Introductory Remarks by Angel Gurría, OECD Secretary-General, delivered at OECD Forum 2011, first Session on Measuring Progress.
24 May 2011, OECD, Paris
President Türk, Honourable Guests, Ladies and Gentlemen:
Welcome to the first session of the OECD’s 50th Anniversary Forum. This session will focus on Measuring Progress of Societies, a topic which has become fundamental for development and policy-making in general.
Improving the quality of our lives should be the ultimate target of public policies. But public policies can only deliver best fruit if they are based on reliable tools to measure the improvement they seek to produce in our lives.
Measuring what we produce, through GDP or GNP, is still important for economic policy. But these indicators are not sufficient to assess our people’s wellbeing and progress.
As Bob Kennedy put it, back in 1968:
“gross national product counts air pollution, and cigarette advertising (…) It counts special locks for our doors and the jails for people who break them. (…) It counts Napalm, and it counts nuclear warheads, and armored cars for the police to fight the riots in our city (…) Yet, the GNP does not allow for the health of our children, the quality of their education, or the joy of their play; it does not include the beauty of our poetry or the strength of our marriages, the intelligence of our public debate or the integrity of our public officials. (…) It measures everything, in short, except that which makes life worthwhile.”
At the OECD, we have been working hard to build new measuring tools and indicators, adapting them to the complexities of the 21st century. Since the first OECD World Forum, held in Palermo in 2004, we have engaged with policy makers, statisticians, scientists, economic and social actors from more than 130 countries. They all met in Istanbul in 2007, then in Busan in 2009 ─ where President Türk delivered an inspiring keynote speech. And they will re-convene in New Delhi, India, in October 2012.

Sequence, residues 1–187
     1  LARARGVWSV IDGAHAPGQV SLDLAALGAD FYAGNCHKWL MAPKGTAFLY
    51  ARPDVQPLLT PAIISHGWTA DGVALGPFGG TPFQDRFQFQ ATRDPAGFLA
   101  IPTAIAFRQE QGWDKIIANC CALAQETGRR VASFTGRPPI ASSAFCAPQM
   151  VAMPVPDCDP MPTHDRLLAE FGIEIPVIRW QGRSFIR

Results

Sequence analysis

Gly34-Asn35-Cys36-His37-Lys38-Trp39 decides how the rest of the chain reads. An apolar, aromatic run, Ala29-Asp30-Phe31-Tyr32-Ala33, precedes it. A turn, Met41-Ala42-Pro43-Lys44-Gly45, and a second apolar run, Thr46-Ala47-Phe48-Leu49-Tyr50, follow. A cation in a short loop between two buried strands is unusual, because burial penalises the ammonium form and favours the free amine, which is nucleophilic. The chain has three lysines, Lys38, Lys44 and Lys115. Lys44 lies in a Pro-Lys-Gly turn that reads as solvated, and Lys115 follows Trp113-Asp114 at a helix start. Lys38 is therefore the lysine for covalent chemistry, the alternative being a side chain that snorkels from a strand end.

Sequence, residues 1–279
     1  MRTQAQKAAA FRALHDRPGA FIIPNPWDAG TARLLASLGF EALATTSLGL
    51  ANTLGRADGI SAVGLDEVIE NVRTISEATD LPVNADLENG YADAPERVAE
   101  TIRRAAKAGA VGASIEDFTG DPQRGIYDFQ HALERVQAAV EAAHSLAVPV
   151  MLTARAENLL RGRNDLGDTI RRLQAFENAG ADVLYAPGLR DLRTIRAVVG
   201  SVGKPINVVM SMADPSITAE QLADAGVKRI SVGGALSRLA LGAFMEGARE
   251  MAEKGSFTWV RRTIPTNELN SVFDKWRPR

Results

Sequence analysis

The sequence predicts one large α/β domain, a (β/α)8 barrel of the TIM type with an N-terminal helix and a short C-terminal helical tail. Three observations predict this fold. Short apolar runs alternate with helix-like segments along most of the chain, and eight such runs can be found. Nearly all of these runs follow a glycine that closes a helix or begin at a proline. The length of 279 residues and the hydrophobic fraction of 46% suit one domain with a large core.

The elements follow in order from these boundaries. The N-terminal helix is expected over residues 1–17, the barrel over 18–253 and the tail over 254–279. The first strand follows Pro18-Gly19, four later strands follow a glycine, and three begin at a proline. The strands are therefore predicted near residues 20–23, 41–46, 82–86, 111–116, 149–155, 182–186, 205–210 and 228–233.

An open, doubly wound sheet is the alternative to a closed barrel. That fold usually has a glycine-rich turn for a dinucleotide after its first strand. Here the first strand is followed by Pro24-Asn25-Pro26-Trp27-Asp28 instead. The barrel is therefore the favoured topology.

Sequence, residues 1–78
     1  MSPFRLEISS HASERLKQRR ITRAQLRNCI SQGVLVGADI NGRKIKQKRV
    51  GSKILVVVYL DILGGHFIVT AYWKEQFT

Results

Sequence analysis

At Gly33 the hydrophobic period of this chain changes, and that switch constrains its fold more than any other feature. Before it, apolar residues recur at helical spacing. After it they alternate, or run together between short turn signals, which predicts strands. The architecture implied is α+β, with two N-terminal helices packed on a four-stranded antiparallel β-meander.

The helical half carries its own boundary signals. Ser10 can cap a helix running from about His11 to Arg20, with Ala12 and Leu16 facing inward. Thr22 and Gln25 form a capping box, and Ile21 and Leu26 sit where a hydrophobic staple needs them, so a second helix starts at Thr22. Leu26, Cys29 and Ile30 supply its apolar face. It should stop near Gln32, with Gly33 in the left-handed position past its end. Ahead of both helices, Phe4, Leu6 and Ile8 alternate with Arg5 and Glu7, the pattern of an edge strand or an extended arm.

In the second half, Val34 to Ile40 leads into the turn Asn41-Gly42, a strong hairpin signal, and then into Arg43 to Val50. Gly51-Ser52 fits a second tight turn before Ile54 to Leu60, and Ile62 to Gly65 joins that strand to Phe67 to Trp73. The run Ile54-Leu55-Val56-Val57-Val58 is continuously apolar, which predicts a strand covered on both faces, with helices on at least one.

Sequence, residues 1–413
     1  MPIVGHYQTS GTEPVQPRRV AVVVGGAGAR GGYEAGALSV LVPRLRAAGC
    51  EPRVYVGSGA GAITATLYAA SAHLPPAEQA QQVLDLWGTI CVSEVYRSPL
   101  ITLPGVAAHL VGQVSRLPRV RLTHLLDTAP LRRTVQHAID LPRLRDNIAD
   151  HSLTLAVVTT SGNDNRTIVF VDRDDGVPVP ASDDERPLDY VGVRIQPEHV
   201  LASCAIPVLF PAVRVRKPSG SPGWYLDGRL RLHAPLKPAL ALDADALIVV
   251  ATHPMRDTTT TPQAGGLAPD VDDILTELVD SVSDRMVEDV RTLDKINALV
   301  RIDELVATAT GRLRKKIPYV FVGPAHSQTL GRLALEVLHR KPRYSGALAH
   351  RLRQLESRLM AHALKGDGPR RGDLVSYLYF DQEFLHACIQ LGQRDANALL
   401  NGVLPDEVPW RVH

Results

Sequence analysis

This process has given rise to a truly global movement. Initiatives now range from community-based projects to the high-level Commission on the Measurement of Economic Performance and Social Progress, established by the French President Nicolas Sarkozy; for which the OECD provided valuable support.
Today, we are using this memorable occasion, the OECD 50th Anniversary Forum, to launch the OECD Better Life Initiative, presenting you with one of its central components: “Your Better Life Index”.
This innovative and interactive tool will enable you to rate your country on those things which make for a better life, according to your personal experience and criteria. We think it will make a significant contribution to help connect policy-making to human progress.
In the fall, we will release a new report ─ “How’s Life?” ─ to deepen the analysis of the drivers of well-being and enrich the Index with new countries and indicators. The work will continue to adjust our policy messages, according to the different picture that this exercise will deliver.
On this occasion, as a Grand Overture for this important Forum, we have asked the President of the Republic of Slovenia, Mr. Danilo Türk ─ one of the most committed supporters of this effort ─ to deliver a key-note speech, which I am sure will captivate your enthusiasm for this topic.
Then our Director for Public Affairs and Communications, Anthony Gooch, and Martine Durand, our Statistics Director, will present the Index to you in more detail.
I very much hope that you will enjoy and participate in this first session. And without further ado, I will leave the floor to President Türk so he can enlighten us with his ideas.